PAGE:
The 1934 Japan Tour was a 12-city barnstorming baseball tour of Japan that took place in November and December 1934. It featured an all-star team of American League baseball players, playing against a Japanese team that would become the Yomiuri Giants. The baseball stars were both tourists and ambassadors of good will.[1]

Poster for the tour, showing Babe Ruth.

This was not the first baseball tour of the country (there were tours in 1908, 1913, 1920, 1922 and 1931), but the Americans in those tours had played Japanese amateur or college ballclubs.[2]



The tour included Earl Averill, Lou Gehrig, Charlie Gehringer, Lefty Gomez, Connie Mack, Jimmie Foxx, Babe Ruth, Moe Berg and other American League players, as the National League would not allow their players to participate. Ruth, “still the most popular and famous athlete of his day” was the face of American baseball at the time.[1]

Ruth in Vancouver aboard the "Empress of Japan", October 1934, before steaming to Japan.

More than half a million Japanese filled the streets of Tokyo to welcome Ruth and 14 other all-star baseball players for the barnstorming tour. The Americans played 18 games against the All-Nippon team, featuring many of Japan’s top players, in front of tens of thousands of fans.[3] The games were played in Meiji-Jingu Stadium in Tokyo, Koshien Stadium in Kobe, Yagiyama Baseball Field in Sendai and others throughout the country. The Americans won all eighteen games.[2] Ruth would hit 13 home runs during the tour.[4]

Staying in the Imperial Hotel in Tokyo, there was a knock on the door of Babe Ruth’s hotel room one night. Babe opened the door to find a gentleman wearing a kimono, asking for Ruth’s autograph on a baseball. Ruth happily obliged; the man then proceeded to pull out another dozen or so balls from his kimono for Ruth to sign. Ruth’s wife and daughter witnessed the event. His daughter also recalled how popular Ruth was during the tour: fans would rise to their feet every time he came to bat and waved Japanese and American flags.[5]

After the Japanese games, the team played games in Shanghai and Manila. Most players then went home while Ruth and his family continued westward for four months.[5]

The Japanese portion of the tour was filmed by Jimmie Foxx and his wife using eight millimeter black-and-white film. A copy of the film has been digitized by the National Baseball Hall of Fame and Museum.[1] Moe Berg also brought a 16-mm Bell and Howell movie camera and made short films of important Japanese installations; this was thought to be one of Berg’s first missions as a spy. Many of the players were shadowed while on the street in Tokyo while their luggage was being searched back at their hotel.[3]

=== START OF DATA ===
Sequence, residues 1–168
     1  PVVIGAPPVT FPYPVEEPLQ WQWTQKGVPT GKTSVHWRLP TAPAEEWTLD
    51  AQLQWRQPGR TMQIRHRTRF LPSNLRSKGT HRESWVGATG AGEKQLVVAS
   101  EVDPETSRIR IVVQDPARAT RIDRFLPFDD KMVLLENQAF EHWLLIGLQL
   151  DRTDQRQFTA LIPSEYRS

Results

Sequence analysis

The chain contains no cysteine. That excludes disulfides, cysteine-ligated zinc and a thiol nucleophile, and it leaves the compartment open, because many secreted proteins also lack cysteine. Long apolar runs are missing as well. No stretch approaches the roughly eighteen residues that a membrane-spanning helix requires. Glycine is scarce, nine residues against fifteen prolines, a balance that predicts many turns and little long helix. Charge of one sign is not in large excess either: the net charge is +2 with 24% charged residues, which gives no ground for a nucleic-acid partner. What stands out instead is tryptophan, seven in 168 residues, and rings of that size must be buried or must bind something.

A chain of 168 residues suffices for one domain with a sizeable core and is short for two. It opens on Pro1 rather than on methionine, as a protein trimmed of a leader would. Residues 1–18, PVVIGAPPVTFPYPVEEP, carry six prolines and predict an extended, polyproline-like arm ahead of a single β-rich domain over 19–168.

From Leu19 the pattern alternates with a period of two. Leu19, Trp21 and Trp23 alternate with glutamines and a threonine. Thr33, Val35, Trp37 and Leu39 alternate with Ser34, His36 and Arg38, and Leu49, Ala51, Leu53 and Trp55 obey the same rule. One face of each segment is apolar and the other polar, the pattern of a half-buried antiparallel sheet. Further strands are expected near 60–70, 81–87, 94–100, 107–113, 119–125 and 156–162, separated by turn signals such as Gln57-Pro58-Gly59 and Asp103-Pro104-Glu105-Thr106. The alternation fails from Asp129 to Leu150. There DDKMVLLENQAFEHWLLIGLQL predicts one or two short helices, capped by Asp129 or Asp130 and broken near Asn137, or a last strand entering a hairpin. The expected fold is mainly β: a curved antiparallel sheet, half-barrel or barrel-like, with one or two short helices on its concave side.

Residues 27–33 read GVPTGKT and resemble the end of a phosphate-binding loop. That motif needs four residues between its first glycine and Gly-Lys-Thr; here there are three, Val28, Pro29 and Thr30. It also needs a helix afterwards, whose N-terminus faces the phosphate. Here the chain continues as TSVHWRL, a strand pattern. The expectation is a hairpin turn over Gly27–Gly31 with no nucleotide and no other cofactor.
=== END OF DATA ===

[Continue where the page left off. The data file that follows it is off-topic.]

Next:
The tour was quite popular. The team of Japanese all-stars were kept together after the 1934 barnstorming tour and formed Japan’s first professional baseball team in December 1934, called Great Tokyo baseball club. The All-Star Japanese team was led by Matsutaro Shoriki and was encouraged to continue with baseball in Japan. This team traveled to the United States in 1935, playing against amateur, college, and minor league teams. The team was later called Yomiuri Tokyo Giants. The 1934 tour was “a big factor in making professional baseball possible in Japan” and helped cement the Babe’s popularity in Japan.[2]

The tour was covered in a book published in 2012.[3] Items from the tour, including posters, baseballs, jerseys and caps are held both in the Japanese Baseball Hall of Fame[6] and in Cooperstown.[1]

A cap Ruth wore during the tour sold for over $300,000 in 2014.[7]


  1. ^ a b c d "1934 Japan Tour Footage". Baseball Hall of Fame. Retrieved November 11, 2018.
  2. ^ a b c "Babe's 1934 Barnstorming Trip to Japan". Babe Ruth Central. Retrieved November 11, 2018.
  3. ^ a b c Shapiro, T. Rees (June 8, 2012). "Banzai Babe Ruth: Baseball, Espionage, & Assassination During the 1934 Tour of Japan" by Robert K. Fitts". Washington Post. Retrieved November 11, 2018.
  4. ^ PJ Shelley (March 16, 2017). "1934 Tour of Japan". Louisville Slugger Museum. Retrieved November 11, 2018.
  5. ^ a b Anderson, Dave (March 26, 2000). "Sports of The Times; When 'Bay-bee' Ruth Toured Japan". The New York Times. Retrieved November 11, 2018.
  6. ^ "Exhibition: History of Japan-U.S. Baseball Games". The Baseball Hall of Fame. Archived from the original on August 17, 2016. Retrieved November 12, 2018.
  7. ^ Axisa, Mike (December 20, 2014). "Babe Ruth cap from 1934 tour of Japan sells for $303,277". CBS Sports. Retrieved November 11, 2018.